Some people can quickly assess others. Some take a long time to get a clear picture. Many more think they can make a quick judgment, but are often wrong.
One place where the chances run particularly high that we will "get it wrong" is during the interview process.
In interviews, the normal reality is for the candidate to be in hardcore sales mode. "Doing your homework" as a job candidate means understanding what the company is looking for, and trying to "morph" your education, experience, and personality into the required mold. If you can make yourself into an ideal candidate, then at least you get to make the call when it comes time to take or reject the job.
Doing this is probably in the best interests of the candidate, and as a result, I don't fault them for trying. The downside is, of course, many people end up in companies and positions that aren't well suited to them.
Why does this happen?
Because candidates don't recognize and/or accept the implicit responsibility they are taking on when "morphing" for interviews -- they don't make good judgments when it comes to fit with the company. By "morphing", the candidate must take responsibility to assess fit. After all, the company can't do it -- you're not really letting them know who you are.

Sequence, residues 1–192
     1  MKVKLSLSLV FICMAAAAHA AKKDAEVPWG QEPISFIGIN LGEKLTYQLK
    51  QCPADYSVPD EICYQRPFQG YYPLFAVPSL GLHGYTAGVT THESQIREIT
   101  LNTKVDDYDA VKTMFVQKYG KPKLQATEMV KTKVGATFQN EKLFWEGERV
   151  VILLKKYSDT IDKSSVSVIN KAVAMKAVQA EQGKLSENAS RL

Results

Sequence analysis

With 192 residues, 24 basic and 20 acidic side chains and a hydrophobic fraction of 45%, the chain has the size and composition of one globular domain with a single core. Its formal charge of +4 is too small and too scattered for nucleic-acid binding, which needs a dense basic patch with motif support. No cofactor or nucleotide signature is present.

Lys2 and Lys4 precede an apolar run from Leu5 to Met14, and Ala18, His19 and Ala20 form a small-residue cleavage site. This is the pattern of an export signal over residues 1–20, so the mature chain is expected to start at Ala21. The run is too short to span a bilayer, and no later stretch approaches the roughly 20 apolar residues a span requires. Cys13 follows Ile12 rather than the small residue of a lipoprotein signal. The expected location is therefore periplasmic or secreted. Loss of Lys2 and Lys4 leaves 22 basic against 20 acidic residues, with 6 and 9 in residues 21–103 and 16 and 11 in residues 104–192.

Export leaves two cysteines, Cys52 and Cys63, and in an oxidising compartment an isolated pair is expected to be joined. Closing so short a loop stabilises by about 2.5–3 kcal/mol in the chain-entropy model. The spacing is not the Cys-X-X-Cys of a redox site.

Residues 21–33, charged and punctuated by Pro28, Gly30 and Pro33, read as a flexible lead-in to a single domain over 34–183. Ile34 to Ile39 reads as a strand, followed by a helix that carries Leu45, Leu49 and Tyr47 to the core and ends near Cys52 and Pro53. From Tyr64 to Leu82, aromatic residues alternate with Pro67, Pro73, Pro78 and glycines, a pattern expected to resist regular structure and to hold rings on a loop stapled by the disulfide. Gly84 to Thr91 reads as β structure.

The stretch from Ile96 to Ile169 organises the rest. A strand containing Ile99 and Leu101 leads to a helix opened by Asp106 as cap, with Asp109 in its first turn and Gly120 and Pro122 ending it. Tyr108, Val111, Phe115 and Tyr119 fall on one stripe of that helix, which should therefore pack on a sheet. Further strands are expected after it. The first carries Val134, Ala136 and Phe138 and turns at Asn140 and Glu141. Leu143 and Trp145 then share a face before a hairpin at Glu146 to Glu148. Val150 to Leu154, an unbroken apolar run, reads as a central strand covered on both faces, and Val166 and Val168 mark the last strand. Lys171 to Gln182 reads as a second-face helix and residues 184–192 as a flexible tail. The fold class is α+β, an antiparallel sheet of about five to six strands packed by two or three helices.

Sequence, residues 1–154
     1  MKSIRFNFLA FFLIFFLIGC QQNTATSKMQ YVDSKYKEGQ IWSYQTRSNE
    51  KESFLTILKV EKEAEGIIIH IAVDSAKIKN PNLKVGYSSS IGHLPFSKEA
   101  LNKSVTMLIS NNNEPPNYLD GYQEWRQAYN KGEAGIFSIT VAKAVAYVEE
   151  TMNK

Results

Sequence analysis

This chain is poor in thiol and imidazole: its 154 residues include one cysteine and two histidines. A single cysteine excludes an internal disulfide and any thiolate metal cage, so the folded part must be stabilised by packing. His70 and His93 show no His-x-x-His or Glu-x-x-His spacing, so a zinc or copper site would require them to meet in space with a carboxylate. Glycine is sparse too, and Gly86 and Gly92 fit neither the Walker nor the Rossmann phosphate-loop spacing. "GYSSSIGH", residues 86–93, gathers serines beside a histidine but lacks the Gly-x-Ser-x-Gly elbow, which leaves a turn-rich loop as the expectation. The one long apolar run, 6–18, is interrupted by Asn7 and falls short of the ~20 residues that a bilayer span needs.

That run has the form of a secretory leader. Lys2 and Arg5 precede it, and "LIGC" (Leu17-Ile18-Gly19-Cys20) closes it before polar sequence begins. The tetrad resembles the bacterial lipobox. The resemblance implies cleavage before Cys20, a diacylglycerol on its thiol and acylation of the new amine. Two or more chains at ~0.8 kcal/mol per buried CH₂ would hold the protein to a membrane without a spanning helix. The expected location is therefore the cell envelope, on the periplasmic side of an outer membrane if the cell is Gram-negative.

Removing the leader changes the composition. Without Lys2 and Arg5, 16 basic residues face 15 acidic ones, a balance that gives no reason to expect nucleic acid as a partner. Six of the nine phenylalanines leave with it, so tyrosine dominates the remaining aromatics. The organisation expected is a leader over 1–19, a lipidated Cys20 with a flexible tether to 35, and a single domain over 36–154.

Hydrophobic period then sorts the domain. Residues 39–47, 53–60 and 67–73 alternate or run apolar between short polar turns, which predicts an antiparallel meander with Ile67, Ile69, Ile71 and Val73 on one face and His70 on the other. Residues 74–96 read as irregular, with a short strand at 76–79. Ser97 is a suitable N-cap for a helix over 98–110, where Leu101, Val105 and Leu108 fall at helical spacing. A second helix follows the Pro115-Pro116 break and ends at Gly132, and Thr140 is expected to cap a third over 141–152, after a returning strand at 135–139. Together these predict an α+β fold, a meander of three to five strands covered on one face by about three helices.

And even when the candidates accept the theoretical responsibility for assessing their fit, the don't execute it very well.
Candidates often see what they want to see, or look only for the things that were missing from their last job. And they systematically rely on their own observations alone, rarely asking for outside opinions or information.
So here's a wild idea -- why don't candidates ask to see references from employers? Why not check social media to find out what their bosses and coworkers will really be like? Why not independently track down former employees and ask them why they left, and what the environment was really like? The companies check candidate's backgrounds of employees, so why not the other way around?
Had I done this, I would have avoided a couple of difficult employers/positions during my career, and the resultant pile of angst, discomfort and agitation. I would have wasted less time, and disrupted the lives of my families a lot less.
So here is a modest proposal -- you as a candidate have as much obligation to check out potential employer, boss and coworkers, as they have to check out you. Perhaps more so, if you are doing the typical "morph" stuff during the interview process. So make sure you do it, and turn down opportunities where there is poor fit.